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The discovery of gold in California in 1848 sparked the need for a transcontinental railroad. At the time, most Americans lived on the east coast of the US, and traveling to California via Panama was cheaper and quicker then going across the US. The isthmus route was also less dangerous than traveling through the USA’s vast heartland, which was home to hostile indigenous groups. Gold-seekers took steamships from the eastern seaboard to the mouth of the Río Chagres, walked the historic 80km Sendero Las Cruces trade route to the Pacific coast, and then boarded ships bound for California.

In 1850 the city of Colón was established as the Caribbean terminus of the Panama Railroad. It was initially called Aspinwall in honor of William Aspinwall, one of the founders of the Panama Railroad. In 1890, however, the government of Colombia changed the name of the city to Colón and dubbed the surrounding province Cristóbal.

Following the completion of the Panama Railroad in 1855, Colón became a boom town almost overnight. With scores of Americans passing through the city on a daily basis, Colón attracted entrepreneurs and businesspeople looking to cash in on the gold-rush fever. Unfortunately, the Panama Railroad became insignificant following the completion of the US transcontinental railroad in 1869 and Colón faded into obscurity less than 20 years after its founding.

At the peak of Colón’s economic depression in 1881, the French arrived to start construction of an interoceanic canal, but the city was burnt to the ground four years later by a Colombian hoping to spark a revolution. In the years to follow, Colón entered a second golden age as the city was entirely rebuilt in the French colonial architectural style that was popular at the time. Rivaling Panama City in beauty and wealth, life in the Canal Zone was pleasurable and highly profitable.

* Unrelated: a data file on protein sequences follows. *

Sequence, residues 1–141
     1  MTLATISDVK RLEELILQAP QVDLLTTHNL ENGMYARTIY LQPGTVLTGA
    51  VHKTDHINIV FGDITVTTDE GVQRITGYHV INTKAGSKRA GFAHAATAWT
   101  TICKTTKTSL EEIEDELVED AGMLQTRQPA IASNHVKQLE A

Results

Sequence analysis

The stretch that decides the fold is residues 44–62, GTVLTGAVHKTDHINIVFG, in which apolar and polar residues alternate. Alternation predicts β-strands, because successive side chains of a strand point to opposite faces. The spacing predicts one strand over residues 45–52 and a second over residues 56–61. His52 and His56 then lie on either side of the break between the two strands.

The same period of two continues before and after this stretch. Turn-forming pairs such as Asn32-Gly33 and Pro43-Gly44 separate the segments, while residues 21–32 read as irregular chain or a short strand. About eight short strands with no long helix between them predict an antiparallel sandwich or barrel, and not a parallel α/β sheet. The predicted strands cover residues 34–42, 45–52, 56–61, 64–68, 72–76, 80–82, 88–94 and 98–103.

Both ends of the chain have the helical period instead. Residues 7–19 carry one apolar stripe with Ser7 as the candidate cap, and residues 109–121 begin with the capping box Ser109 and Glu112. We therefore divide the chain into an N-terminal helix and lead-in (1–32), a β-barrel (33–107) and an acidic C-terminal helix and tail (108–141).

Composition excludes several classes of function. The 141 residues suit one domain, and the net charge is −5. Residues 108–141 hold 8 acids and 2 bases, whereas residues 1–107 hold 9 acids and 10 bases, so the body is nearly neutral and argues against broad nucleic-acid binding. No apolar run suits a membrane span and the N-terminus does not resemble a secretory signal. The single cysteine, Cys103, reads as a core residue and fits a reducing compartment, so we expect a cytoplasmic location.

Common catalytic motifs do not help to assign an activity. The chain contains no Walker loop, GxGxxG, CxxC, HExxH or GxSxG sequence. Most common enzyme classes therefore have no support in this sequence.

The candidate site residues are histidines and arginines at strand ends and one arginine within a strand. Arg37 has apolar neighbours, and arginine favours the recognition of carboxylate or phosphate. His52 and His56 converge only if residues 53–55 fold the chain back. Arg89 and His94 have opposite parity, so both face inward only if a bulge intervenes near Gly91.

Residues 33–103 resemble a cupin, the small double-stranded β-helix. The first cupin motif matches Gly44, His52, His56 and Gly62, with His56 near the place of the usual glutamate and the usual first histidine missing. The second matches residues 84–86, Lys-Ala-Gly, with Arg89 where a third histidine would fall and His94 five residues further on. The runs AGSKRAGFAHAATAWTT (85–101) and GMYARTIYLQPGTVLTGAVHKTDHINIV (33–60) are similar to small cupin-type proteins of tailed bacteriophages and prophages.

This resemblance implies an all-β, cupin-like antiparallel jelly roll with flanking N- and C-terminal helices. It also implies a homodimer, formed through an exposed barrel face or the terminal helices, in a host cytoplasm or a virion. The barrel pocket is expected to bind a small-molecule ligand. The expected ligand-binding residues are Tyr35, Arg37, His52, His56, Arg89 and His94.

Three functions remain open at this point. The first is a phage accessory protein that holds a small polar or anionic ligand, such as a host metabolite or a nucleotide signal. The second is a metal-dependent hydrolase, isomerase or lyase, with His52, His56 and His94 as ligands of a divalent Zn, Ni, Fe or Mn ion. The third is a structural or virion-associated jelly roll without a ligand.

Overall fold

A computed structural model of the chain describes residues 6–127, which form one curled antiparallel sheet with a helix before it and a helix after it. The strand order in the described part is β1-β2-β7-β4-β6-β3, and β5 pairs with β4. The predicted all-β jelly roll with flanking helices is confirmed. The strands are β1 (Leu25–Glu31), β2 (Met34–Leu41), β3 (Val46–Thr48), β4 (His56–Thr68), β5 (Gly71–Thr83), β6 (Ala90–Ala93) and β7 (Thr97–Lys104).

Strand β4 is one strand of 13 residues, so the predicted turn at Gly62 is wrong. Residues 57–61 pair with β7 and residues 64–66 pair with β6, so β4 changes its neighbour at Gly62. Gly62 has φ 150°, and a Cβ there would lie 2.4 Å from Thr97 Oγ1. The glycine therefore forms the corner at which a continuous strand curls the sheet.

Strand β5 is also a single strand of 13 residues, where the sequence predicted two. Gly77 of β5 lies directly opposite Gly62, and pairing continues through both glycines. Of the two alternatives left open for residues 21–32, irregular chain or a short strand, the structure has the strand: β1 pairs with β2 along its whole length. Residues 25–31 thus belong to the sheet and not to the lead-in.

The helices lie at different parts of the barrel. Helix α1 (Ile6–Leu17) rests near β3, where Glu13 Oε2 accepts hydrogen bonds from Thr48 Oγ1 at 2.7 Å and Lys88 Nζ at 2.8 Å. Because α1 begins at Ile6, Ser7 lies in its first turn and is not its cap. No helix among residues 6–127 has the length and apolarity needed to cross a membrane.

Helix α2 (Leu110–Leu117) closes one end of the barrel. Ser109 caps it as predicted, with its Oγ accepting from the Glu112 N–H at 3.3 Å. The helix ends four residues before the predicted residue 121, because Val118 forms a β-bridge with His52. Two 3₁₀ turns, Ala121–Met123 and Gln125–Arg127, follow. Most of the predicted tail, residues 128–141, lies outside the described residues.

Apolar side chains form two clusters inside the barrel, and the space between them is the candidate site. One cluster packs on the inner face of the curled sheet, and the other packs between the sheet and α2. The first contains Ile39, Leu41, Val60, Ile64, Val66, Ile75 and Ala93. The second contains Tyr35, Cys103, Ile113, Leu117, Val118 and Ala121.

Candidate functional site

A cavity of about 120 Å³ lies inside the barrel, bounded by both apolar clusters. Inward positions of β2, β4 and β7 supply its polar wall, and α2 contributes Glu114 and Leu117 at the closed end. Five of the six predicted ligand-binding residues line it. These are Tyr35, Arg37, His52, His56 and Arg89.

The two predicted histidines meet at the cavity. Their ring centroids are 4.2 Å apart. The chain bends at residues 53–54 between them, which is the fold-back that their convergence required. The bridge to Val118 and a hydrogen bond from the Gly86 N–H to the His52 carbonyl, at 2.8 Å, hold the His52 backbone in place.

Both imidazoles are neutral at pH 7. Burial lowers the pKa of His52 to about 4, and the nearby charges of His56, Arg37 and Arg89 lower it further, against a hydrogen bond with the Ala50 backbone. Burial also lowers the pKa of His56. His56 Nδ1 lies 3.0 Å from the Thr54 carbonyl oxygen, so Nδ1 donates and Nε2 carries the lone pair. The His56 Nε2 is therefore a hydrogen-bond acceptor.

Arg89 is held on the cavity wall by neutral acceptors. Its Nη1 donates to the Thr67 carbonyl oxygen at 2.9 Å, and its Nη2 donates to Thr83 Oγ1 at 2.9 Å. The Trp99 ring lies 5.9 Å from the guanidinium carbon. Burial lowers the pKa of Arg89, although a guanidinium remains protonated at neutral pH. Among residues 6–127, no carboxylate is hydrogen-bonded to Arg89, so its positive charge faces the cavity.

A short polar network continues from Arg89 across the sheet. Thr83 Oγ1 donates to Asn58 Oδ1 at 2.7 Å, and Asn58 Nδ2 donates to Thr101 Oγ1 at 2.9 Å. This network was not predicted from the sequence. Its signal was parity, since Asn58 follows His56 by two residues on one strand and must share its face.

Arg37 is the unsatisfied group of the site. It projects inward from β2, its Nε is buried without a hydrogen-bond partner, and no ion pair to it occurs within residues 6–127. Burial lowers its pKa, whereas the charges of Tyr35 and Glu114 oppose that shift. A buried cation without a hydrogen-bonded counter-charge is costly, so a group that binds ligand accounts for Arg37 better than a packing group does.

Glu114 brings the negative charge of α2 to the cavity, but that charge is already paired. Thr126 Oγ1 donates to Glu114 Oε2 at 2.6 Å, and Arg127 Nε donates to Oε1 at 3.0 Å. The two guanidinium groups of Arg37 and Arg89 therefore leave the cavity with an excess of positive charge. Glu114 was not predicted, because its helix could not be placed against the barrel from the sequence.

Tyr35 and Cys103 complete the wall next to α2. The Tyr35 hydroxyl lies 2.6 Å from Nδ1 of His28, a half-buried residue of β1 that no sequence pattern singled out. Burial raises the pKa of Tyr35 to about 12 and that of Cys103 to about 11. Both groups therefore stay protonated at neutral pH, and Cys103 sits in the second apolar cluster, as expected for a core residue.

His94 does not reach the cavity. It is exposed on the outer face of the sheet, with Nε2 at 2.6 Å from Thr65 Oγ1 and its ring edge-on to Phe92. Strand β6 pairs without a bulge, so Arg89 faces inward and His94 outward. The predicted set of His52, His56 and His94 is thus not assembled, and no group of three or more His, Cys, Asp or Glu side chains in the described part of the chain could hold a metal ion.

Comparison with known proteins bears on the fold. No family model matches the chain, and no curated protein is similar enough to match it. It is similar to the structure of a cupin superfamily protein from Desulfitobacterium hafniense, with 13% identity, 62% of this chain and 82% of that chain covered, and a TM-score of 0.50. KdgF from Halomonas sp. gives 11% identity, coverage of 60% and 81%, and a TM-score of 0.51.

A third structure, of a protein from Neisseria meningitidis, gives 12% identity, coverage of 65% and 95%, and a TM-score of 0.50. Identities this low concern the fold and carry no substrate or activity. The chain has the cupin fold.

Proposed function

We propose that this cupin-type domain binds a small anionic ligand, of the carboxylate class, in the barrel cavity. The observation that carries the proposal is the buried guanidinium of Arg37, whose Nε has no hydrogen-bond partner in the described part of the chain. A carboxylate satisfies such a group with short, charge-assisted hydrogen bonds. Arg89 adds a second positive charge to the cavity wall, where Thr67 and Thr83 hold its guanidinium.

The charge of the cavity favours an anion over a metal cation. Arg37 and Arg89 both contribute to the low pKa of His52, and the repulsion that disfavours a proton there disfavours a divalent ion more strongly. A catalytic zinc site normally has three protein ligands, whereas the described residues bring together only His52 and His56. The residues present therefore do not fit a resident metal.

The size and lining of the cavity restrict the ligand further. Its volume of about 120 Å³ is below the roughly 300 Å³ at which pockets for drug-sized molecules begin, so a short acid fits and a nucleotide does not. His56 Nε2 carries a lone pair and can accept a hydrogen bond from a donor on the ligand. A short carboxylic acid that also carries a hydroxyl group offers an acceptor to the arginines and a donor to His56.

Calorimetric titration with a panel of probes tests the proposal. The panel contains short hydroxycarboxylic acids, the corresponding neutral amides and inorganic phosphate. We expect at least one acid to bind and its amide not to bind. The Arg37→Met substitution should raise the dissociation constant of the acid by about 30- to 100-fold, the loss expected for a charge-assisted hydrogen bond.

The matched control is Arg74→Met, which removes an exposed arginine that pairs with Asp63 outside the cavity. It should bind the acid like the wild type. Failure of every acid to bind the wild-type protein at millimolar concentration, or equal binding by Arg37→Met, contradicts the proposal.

The French abandoned their efforts eight years later when the monetary costs proved too great, and yellow fever and malaria had killed 22, 000 workers, but the US was quick to seize the opportunity. For the next 25 years, the sleepy backwater town of Colón was transformed into a vibrant provincial capital as workers from around the world arrived by the shipload. However, immediately following the completion of the canal in 1914, the sudden lack of employment caused Colón’s economy to disintegrate and the city spiraled into the depths of depravity almost overnight. Today, most of the colonial city is still intact, though the buildings are on the verge of collapse, with countless squatters living inside them.